Baseline assessment of the coral reef fish assemblages of St. Eustatius
The shallow marine habitats surrounding St. Eustatius fulfil critical ecosystem services in terms of fishery production, recreation, dive tourism and coastal protection. In this a key role is played by the fish communities. In this report we document the relative finfish community composition, density and distribution in the shallow coastal waters of the St. Eustatius Marine Park based on 104 baited video stations distributed among two management sectors and five habitat classes ranging in depths from 8-30 m. In doing so we introduced to the Dutch Caribbean the use of a technology-based method that provides more precise length data than common visual transects, is applicable to wide range of depths and sampling conditions, and is more sensitive for detecting and monitoring apex (top) predatory fish species such as shark.
Compared to earlier survey results our findings highlight the virtual disappearance of large grouper species from the reefs of St. Eustatius. The natural absence of mangrove nursery habitat is one key driver of fish community structure in St. Eustatius and the loss of former seagrass beds is a second key factor probably accounting for the lack of typical mangrove and seagrass-associated scarids (e.g. Scarus coeruleus and guacamaia), snappers (e.g. Lutjanus apodus and griseus) and grunts (e.g. Haemulon sciurus).
The most important local determinant of fish community structure was found to be habitat three- dimensional structure while the measured effect of designated fishing reserve zones was much less pronounced. Nevertheless, mean overall fish size was slightly higher in the fishing reserves. However, our community sampling was insufficient to meaningfully compare densities and size structure of main commercial target species. Community abundance of planktivores and herbivores were notably inversely related, with low-structured sandy habitat being dominated by planktivores and higher-structured hard- bottoms being dominated by herbivores. Low-structured habitat which offered little critical shelter to small fish had the highest mean fish size of all five habitats.
Our results indicate a relatively low quantifiable effect of the present fishing reserves. This may have to do with either or a combination of a) low finfish fishing effort and/or low fishing selectivity, b) problems in the enforcement of the fishing reserves or, c) geographic scale issues due to the movement of fish between defined zones which act to blur potential effects of stated management regimes, and finally our sampling design as a fish community baseline lacking focus on targeted commercial species. Further directed research is needed to properly evaluate and enhance the functioning of the marine park reserves which are accorded an important role in the future socio-economic development of St. Eustatius.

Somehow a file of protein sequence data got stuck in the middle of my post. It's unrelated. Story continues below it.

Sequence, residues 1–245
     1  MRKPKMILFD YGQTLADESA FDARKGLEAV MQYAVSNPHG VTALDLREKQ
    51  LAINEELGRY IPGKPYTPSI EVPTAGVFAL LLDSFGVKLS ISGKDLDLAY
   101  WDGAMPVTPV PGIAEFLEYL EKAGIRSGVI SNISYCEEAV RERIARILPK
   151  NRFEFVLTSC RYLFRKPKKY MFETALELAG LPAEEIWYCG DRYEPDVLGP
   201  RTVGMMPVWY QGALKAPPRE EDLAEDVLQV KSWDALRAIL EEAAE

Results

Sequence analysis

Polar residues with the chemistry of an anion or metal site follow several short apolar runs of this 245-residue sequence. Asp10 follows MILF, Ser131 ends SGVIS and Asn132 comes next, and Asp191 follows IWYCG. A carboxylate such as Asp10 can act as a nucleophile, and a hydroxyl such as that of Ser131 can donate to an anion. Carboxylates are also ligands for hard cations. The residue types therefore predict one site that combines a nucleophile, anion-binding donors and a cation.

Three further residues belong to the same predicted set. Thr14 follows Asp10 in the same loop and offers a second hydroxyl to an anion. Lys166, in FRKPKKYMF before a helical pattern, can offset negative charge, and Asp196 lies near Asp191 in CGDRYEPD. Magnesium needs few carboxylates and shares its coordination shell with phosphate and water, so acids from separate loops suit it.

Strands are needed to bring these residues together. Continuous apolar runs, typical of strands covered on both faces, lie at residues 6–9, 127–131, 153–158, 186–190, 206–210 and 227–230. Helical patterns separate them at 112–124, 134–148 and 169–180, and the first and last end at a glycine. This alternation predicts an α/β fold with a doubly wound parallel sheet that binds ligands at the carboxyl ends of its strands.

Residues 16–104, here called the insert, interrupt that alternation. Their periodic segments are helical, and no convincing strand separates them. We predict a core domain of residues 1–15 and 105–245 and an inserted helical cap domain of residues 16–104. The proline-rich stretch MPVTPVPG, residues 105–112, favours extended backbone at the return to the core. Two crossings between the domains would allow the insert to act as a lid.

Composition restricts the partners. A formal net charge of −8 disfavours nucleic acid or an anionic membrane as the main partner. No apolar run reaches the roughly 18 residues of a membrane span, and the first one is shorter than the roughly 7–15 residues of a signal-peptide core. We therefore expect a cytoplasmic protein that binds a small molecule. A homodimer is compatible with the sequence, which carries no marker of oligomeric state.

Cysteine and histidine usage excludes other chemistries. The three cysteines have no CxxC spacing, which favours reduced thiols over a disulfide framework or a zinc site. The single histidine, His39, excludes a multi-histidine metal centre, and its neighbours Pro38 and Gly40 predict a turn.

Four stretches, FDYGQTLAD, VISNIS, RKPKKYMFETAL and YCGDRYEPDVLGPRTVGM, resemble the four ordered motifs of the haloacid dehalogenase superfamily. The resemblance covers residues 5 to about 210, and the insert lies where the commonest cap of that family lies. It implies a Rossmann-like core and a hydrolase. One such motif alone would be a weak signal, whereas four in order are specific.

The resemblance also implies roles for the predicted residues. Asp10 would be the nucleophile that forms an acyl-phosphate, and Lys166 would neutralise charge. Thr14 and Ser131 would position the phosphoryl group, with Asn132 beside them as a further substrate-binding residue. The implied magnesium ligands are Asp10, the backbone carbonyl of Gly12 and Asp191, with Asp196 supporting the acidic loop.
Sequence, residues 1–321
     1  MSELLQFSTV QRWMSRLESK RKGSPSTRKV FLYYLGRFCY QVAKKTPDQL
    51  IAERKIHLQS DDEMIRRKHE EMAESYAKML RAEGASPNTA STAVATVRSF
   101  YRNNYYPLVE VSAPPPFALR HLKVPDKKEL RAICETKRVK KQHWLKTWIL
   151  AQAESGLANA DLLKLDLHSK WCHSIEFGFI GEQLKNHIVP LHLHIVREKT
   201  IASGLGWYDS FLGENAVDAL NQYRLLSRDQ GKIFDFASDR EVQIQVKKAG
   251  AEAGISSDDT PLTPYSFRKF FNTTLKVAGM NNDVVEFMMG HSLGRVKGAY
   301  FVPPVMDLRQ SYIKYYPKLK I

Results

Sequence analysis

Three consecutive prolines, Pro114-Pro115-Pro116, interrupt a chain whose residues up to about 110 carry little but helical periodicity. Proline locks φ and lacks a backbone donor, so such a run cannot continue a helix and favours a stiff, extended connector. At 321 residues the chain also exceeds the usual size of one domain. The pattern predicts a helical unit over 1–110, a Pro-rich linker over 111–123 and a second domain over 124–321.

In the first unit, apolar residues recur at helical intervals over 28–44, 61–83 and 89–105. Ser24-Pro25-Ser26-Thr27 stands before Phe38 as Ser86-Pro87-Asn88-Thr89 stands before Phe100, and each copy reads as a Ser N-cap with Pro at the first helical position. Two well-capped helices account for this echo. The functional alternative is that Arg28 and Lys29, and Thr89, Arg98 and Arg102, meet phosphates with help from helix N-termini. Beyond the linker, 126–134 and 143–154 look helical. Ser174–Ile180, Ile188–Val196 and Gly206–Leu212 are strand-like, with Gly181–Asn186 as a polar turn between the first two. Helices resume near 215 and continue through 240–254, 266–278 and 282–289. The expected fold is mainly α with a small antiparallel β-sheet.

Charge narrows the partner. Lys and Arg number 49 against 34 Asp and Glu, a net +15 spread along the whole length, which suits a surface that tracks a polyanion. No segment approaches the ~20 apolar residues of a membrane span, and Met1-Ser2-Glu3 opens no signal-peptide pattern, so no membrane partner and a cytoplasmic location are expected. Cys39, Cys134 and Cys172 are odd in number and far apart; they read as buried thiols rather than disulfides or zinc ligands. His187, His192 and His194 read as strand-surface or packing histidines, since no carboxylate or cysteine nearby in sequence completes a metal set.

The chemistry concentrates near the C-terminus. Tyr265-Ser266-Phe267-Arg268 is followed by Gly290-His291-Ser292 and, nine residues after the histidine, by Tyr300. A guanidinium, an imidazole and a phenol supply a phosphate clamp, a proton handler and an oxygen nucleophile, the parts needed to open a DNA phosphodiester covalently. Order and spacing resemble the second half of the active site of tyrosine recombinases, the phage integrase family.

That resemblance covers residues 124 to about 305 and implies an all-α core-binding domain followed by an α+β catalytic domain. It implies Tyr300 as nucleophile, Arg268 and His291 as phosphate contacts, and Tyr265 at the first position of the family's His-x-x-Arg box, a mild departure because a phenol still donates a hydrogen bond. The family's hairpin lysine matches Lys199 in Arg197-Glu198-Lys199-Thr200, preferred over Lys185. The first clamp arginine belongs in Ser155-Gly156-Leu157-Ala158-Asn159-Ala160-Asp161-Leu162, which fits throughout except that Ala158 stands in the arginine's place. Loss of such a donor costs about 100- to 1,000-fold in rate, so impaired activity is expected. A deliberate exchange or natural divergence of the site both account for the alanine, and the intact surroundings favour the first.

The reefs of St. Eustatius are characterised by very low levels of three-dimensional structure (Risk’s Index: 1-1.3, see Debrot et al. 2014), which was found to be the most important local determinant of fish abundance and distribution. The potential for habitat enhancement to jointly help achieve fishery and conservation goals seems evident. We recommend that measures to enhance such three- dimensional structure may be useful to help increase fish abundance to the benefit of both fishing and biodiversity stakeholders such as the conservation, dive and tourism sectors.
The relatively high presence of sharks (Caribbean reef sharks and nurse sharks) around St. Eustatius is encouraging in the context of conservation, valuable for dive tourism, and interesting for research. As top predators, these sharks play an important ecological role in healthy reefs and their higher abundance around St Eustatius compared to most other areas of the Caribbean may contribute to and be a useful indicator of overall coastal ecosystem health. Further studies of these important species are called for.
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Our assessment of the use of the BRUV method for fish community assessment showed that, due to the deployment strategy used, our test power to detect changes in both numerical and species changes in the communities studies was relatively low. A combination of extensive BRUV surveys (once every 3 years) in combination with yearly fish surveys (i.e. protocol Global Coral Reef Monitoring Network) at a small number of permanent sites with high structural complexity is recommended to ensure the timely detection of trends in reef fish populations.